Now this is preciously priceless. Coors Brewing Chairman Pete Coors, tha man who always urges responsible drinking in Coors ad campiagns, was arrested yesterday for drunk driving. He was stopped for rolling through a stop sign and his blood alcohol level was found to be above the legal limit for the state. For his part, Coors was conciliatory saying in a statement, "I made a mistake by driving myself home after a friend's wedding celebration. I should have planned ahead for a ride. For years I've advocated the responsible use of our company's products. That's still my message, and our company's message, and it's the right message. I am sorry that I didn't follow it myself." Oops.
Crispin is at it again with those Burger King microsites. Campbell Mithun has created a site for Burger King that lets you select particular dance moves for a puppet King to make, watch it and send it to a friend. That's it. Nothing more. Simple. Straightforward. Not sure if it's going to sell any hamburgers but, then again, it's just a fun time waster. It's nice to see a less scary version of the King here.
AdFreak tells us Sony, as a follow up to its Bravia Bouncing Balls ad, is letting the public in on the filming of the ad's sequel which will debut online sometime in September. Sony's agency Fallon will detail the shoot and production of the sequel ad along with interviews and video clips on the Bravia-Advert site. Hmm. It's sort of a Snakes On A Plane kind of thing.
There's nothing like a campaign focused towards women in mini skirts laying drunk on the sidewalk with their panties exposed to get the world writing about it. Yup. The Suffolk (England - the only place this kind of campaign could happen) police, continuing their "Lock Em' Inn" campaign which urges people not to misuse alcohol, have published a Conde Nasty-like magazine called Safe! that, through its tongue-in-cheek lifestyle editorial approach, continues to urge women not to drink too much, not to wander around alone and to make sure they get home safely - with their pants on.
- Online marketing publication Adotas has launched a survey on the industry's perception of ad networks from both the advertiser and publisher perspective. You can take the survey here.
- Eatmail's Emily loves this new Mother-created ad for Diego's fruit flavored booze. We don't feel the love.
- Not that we ever knew there was such a thing as a tricked out, gigantic, Hummer-like street legal pick up called the CXT but you can trick one out yourself at International's CXT site created by Magnetik and Fathom Communications.
- Well if this Lynx ad isn't bluntly phallic, we promise never to post another gratuitous image on this site.
- Exactly what kind of excitement do you think is running high after seeing this San Diego Zee ad?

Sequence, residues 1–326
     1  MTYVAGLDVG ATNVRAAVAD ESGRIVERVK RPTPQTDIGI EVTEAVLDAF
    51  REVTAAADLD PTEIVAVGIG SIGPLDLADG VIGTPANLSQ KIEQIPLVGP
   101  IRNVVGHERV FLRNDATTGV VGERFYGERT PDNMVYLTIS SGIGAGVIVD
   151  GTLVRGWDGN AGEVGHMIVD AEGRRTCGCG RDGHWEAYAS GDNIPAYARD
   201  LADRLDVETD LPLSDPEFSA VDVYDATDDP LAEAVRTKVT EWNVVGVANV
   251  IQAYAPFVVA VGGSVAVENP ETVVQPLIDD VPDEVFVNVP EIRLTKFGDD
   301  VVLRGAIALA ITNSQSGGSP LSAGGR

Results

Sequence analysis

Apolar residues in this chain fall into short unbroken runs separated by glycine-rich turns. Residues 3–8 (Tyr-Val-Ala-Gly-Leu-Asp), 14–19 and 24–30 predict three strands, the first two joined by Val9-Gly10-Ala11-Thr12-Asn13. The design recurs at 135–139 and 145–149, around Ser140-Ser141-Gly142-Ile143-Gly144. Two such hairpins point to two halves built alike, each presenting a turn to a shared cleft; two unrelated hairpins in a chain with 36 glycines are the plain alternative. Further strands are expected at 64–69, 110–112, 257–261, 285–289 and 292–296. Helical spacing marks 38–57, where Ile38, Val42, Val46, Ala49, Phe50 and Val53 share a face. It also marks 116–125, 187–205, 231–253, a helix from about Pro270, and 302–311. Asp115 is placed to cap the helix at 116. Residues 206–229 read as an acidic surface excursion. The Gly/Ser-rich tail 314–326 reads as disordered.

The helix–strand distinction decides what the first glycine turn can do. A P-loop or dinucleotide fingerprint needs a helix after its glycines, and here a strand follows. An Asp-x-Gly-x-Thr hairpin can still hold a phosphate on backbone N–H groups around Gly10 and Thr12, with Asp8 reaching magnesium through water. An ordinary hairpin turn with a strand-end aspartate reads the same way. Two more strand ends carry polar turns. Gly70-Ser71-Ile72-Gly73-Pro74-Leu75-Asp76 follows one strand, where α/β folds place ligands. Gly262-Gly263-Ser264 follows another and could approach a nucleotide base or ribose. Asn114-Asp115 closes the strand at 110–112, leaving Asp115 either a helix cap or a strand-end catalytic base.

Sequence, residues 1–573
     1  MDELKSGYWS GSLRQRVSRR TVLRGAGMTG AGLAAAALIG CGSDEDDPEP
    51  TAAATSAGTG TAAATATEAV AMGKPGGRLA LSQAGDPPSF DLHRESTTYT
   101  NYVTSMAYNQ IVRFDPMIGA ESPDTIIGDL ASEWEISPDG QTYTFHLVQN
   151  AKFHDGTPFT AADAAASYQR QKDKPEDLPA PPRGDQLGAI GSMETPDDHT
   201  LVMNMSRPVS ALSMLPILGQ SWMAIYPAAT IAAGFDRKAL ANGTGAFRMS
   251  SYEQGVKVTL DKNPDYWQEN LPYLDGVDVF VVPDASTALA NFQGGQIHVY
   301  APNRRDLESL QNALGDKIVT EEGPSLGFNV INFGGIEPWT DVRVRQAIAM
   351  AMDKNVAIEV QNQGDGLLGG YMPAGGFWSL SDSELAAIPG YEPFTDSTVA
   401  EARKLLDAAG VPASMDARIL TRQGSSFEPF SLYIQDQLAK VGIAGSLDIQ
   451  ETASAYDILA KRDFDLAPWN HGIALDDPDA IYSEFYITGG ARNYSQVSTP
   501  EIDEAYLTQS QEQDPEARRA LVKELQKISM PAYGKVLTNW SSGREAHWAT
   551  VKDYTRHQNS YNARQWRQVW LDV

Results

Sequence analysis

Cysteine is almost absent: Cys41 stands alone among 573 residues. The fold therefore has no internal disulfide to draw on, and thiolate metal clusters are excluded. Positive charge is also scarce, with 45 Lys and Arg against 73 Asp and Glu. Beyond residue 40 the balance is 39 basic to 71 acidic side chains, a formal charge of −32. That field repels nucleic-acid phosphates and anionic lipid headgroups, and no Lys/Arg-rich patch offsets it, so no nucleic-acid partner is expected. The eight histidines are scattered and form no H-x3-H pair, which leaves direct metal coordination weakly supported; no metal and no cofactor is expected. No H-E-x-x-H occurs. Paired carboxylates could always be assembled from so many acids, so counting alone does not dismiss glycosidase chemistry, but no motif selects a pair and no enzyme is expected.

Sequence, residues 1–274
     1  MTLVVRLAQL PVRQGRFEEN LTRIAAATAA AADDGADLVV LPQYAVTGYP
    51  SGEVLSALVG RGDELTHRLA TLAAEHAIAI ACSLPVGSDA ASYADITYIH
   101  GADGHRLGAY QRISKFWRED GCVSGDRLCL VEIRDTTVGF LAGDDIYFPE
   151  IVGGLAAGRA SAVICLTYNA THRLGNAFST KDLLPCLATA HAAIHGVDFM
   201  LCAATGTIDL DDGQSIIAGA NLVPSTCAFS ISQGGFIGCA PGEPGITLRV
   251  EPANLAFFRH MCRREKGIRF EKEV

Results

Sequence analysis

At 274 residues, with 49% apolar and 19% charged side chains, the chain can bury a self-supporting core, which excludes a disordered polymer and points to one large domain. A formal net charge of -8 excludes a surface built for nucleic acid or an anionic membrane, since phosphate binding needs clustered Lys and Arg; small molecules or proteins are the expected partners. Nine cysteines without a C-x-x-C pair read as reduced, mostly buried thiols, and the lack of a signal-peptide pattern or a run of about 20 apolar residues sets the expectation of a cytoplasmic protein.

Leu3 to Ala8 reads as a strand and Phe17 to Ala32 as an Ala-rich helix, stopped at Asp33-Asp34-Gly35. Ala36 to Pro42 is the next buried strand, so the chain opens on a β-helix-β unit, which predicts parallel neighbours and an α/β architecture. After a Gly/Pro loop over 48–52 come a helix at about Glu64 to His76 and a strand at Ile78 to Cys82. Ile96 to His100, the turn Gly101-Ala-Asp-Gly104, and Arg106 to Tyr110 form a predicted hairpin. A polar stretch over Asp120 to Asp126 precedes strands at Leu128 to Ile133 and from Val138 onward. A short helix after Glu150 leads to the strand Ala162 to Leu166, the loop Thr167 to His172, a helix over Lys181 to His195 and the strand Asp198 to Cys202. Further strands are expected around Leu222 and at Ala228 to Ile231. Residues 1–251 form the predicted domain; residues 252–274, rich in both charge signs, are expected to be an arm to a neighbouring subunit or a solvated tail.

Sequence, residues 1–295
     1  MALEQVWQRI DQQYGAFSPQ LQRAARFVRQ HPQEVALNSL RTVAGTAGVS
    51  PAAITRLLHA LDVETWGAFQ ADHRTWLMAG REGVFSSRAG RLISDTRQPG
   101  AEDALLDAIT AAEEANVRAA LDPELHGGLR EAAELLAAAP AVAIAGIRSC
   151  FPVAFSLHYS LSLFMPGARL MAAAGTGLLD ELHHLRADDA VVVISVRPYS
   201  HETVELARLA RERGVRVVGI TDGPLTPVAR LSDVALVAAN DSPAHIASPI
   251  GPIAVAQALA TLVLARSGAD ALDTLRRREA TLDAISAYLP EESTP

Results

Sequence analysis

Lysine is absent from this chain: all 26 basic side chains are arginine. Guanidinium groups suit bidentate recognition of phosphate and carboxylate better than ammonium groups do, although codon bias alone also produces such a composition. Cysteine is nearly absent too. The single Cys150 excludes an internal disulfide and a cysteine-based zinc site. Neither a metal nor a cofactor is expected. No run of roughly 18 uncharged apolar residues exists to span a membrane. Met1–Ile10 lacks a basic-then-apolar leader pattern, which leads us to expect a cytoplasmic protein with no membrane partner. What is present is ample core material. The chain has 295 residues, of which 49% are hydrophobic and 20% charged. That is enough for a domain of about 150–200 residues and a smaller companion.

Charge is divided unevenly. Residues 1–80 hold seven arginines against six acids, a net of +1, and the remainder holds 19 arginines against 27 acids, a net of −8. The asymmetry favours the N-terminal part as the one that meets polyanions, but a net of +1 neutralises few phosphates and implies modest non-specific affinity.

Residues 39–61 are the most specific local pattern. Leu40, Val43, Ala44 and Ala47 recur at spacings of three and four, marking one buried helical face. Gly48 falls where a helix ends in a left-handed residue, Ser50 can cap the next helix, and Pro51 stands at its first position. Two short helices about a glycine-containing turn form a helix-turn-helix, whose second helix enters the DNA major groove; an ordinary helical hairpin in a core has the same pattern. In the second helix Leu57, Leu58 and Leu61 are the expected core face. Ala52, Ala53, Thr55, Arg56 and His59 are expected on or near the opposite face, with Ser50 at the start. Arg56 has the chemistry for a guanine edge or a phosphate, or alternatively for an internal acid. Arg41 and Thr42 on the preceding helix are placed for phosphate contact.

- Advergirl, again, delves into the idiocy of corporate marketing and the continuing consumer unfriendly practices companies foist upon us to protect their own dying business models
I really wasn't going to comment on this ad but after reporting mouth-shaped urinals were removed from a McDonald's in the Netherlands because they were seen as perversely sexual by a visiting American, I just wonder what that person would think of this girl's open mouth, ready to receive objects that, apparently, need oral attention. Aside from all that, the not so smart thought of opening a bottle with one's mouth and the fact this just looks like a mock up some art director wished actually ran somewhere, it's not a bad ad.
Leave it to the politically correct, sexually squeamish mind of an American to become so offended by those red-lipped, mouth-shaped urinals in a Netherlands McDonald's, the person's complaints caused the owner to remove them. Yes, we Americans are, for the most part, an oversensitive bunch so caught up in our fervent desire not to do anything that might remotely cause bad vibes for a person or a particular group of people, we read negativity into almost everything. The designer of the toilets, Meike van Schijndel, said the toilets were designed to be cartoonish and not represent a woman's mouth. Of course, way back in 2004 when they first appeared at New York's JFK airport, we didn't know how to react either.
Apparently, Nike's celebration of female body parts such as big butts, thunder thighs and tomboy knees has pleased the Women's Image Network so much they've named the brand 2006 Advertiser of the year. WIN Founder Phyllis Stuart praised Nike, saying, "Nike advertising makes women feel good about being female. Since The WIN Awards celebrate film, television and advertising that dispels female media stereotypes, Nike is an ideal honoree. Their advertising has always encouraged women to participate in sports, which significantly improves women's self-esteem and enhances their chances of success in all areas. When women see a NIKE ad we feel more capable".
One or more Nike athletes will be on hand to present The 2006 Advertiser of The Year award to Nike's Associate Director of U.S. Advertising, Saga Shossne. The WIN Awards ceremony will be held on Wednesday, October 25, 2006 from 7 P.M. to 11 P.M. in Los Angeles.
Racy is not a strong enough word to describe these two billboards created by Grey Worldwide for some kind of lubricated cream. And that's a good thing. This ad is daring. This ad is great. This ad is a cacophony of euphemisms and sexual innuendo. It's also brilliant at capturing attention. No wonder there's a traffic jam.
Advergirl, fast becoming my new favorite ad blog (if she keeps writing things like this), has offered up, in reaction to reading a Church of the Customer post about Coke's apparent knee jerk foray into consumer generated media, a hilarious but ever so realistic meeting scenario between Big Agency and Big Client on New Media. Give it a read and it will sound like every meeting you've ever been.